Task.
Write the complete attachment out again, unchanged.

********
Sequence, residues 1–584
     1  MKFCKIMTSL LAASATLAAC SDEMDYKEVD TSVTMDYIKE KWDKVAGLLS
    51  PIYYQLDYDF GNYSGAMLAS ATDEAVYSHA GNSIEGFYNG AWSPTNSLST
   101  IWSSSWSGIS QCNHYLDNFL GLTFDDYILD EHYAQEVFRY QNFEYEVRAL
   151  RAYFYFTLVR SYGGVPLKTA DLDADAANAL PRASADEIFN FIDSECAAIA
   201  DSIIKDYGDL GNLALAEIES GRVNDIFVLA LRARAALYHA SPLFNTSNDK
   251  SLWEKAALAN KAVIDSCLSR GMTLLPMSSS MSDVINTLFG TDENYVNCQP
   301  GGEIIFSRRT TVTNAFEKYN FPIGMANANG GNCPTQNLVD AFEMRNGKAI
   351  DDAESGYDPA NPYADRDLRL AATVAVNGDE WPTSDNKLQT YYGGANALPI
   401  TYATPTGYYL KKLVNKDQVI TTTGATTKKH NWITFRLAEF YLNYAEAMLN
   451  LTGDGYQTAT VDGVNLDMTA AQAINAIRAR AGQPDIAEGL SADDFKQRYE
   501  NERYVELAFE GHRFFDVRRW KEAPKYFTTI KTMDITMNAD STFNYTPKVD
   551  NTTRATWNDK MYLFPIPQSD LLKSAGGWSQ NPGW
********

Sequence, residues 1–584
     1  MKFCKIMTSL LAASATLAAC SDEMDYKEVD TSVTMDYIKE KWDKVAGLLS
    51  PIYYQLDYDF GNYSGAMLAS ATDEAVYSHA GNSIEGFYNG AWSPTNSLST
   101  IWSSSWSGIS QCNHYLDNFL GLTFDDYILD EHYAQEVFRY QNFEYEVRAL
   151  RAYFYFTLVR SYGGVPLKTA DLDADAANAL PRASADEIFN FIDSECAAIA
   201  DSIIKDYGDL GNLALAEIES GRVNDIFVLA LRARAALYHA SPLFNTSNDK
   251  SLWEKAALAN KAVIDSCLSR GMTLLPMSSS MSDVINTLFG TDENYVNCQP
   301  GGEIIFSRRT TVTNAFEKYN FPIGMANANG GNCPTQNLVD AFEMRNGKAI
   351  DDAESGYDPA NPYADRDLRL AATVAVNGDE WPTSDNKLQT YYGGANALPI
   401  TYATPTGYYL KKLVNKDQVI TTTGATTKKH NWITFRLAEF YLNYAEAMLN
   451  LTGDGYQTAT VDGVNLDMTA AQAINAIRAR AGQPDIAEGL SADDFKQRYE
   501  NERYVELAFE GHRFFDVRRW KEAPKYFTTI KTMDITMNAD STFNYTPKVD
   551  NTTRATWNDK MYLFPIPQSD LLKSAGGWSQ NPGW